At least five times, the Israelites returned to their murmuring ways.  When they were under threat of the Egyptian army, when they were lead into the desert, when they were famished, and when they had to eat the same bread day after day, they murmured. It’s no wonder that the Lord says to Moses, “How long will it be ere they believe me, for all the signs which I have shewed among them?”

At times, we are not much different than the children of Israel.  We are incredibly blessed, we have the covenants of salvation, we live in a world of plenty, and we enjoy the proximity of prophets, temples, ordinances and miracles in our life.  Yet, if the prophet suggests we do something small to protect our families or a member of the quorum of the twelve speaks words that are not popular to the world, we are apt to murmur. 

Sister Carol McConkie taught of faithful saints when she said, “We heed prophetic word even when it may seem unreasonable, inconvenient, and uncomfortable. According to the world’s standards, following the prophet may be unpopular, politically incorrect, or socially unacceptable. But following the prophet is always right. The Lord honors and favors those who will heed prophetic direction.”[i]

How can a people so blessed and fortunate forget so easily?  Perhaps this is why the Lord implores us to “remember, and perish not (Mosiah 4:30).”

President Eying said, “Every time in my life when I have chosen to delay following inspired counsel or decided that I was an exception, I came to know that I had put myself in harm’s way. Every time that I have listened to the counsel of prophets, felt it confirmed in prayer, and then followed it, I have found that I moved toward safety. Along the path, I have found that the way had been prepared for me and the rough places made smooth. God led me to safety along a path which was prepared with loving care, sometimes prepared long before.”[ii]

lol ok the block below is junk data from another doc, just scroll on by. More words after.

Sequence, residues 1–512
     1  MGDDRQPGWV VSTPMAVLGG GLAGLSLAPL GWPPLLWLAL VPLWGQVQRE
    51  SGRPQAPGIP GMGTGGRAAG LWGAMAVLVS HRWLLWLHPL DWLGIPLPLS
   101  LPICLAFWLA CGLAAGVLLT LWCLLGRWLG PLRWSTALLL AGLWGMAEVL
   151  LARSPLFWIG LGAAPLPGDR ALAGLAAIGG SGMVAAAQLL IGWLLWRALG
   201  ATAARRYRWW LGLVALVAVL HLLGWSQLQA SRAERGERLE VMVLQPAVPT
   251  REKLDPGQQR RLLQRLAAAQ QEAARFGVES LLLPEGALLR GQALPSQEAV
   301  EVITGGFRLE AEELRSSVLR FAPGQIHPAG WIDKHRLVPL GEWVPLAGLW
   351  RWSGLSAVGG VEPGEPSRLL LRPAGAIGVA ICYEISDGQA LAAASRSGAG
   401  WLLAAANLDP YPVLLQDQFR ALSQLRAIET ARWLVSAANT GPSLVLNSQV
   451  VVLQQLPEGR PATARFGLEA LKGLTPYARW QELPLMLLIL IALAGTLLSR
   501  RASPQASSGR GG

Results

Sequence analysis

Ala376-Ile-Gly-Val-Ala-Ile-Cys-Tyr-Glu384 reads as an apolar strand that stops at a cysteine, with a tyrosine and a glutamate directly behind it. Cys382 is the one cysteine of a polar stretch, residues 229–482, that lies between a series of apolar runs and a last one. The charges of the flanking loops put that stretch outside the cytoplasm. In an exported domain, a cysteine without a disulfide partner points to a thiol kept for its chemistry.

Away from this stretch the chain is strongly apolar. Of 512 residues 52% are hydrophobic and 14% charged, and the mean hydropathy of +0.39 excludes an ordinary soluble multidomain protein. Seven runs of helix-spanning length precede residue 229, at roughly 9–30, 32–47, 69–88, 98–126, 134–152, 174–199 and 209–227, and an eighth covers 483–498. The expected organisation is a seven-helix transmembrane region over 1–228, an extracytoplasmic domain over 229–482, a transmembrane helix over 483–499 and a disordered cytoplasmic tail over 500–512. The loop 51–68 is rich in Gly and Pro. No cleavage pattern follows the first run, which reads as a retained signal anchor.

Look to Jesus and Live

In Numbers 21, the children of Israel, “Journeyed from mount Hor by the way of the Red Sea, to compass the land of Edom: and the soul of the people was much discouraged because of the way. And the people spake against God, and against Moses, Wherefore, have ye brought us up out of Egypt to die in the wilderness? for there is no bread, neither is there any water; and our soul loatheth this light bread.”

Perhaps weary of the returning again to their complaining ways or needing to strengthen the camps of Israel by removing those with little or no faith left, “the Lord sent fiery serpents among the people, and they bit the people; and much people of Israel died (Numbers 21:6).”

Then, the children of Israel remembered and came to Moses and said, “We have sinned, for we have spoken against the Lord, and against thee; pray unto the Lord, that he take away the serpents from us. And Moses prayed for the people.  And the Lord said unto Moses, Make thee a fiery serpent, and set it upon a pole: and it shall come to pass, that every one that is bitten, when he looketh upon it, shall live.  And Moses made a serpent of brass, and put it upon a pole, and it came to pass, that if a serpent had bitten any man, when he beheld the serpent of brass, he lived (Numbers 21:7-9).”

What is most remarkable about this story is the meek response of Moses and the Lord.  When the people asked, Moses prayed for the people.  When Moses prayed, the Lord provided a way to save the people.  Clearly, the Lord forgives and seeks to bring his people to himself.

During his earthly ministry, the Savior likened Himself to the serpent of brass: “And as Moses lifted up the serpent in the wilderness, even so must the Son of man be lifted up: That whosoever believeth in him should not perish, but have eternal life” (John 2:14-15).  I am certain that the Lord extends his arm of mercy to us.  Even if we have sinned or murmured or left him for a time, if we return to him and follow his prophet, he will bless us and provide a way for our salvation.

Daily Holy Habits

So, how do we remember the Lord and keep our eyes fixed on the savior?  In an area conference a few years ago, Elder Ballard advised members to establish and keep “essential, daily habits that ‘keep us rooted, grounded, and connected to [Christ].’ These habits include daily prayer, fasting, studying the scriptures and the words of the living prophets, keeping the Sabbath day holy, partaking of the sacrament, worshipping in the temple often, and reaching out to the needy, poor, and lonely.

“When someone stops doing these simple but essential things,” Elder Ballard said, “they cut themselves from the ‘well of living water’ and allow Satan to muddle their thinking.”  As our prophet said, “I plead with you to make time for the Lord! Make your own spiritual foundation firm and able to stand the test of time by doing those things that allow the Holy Ghost to be with you always.”[iii]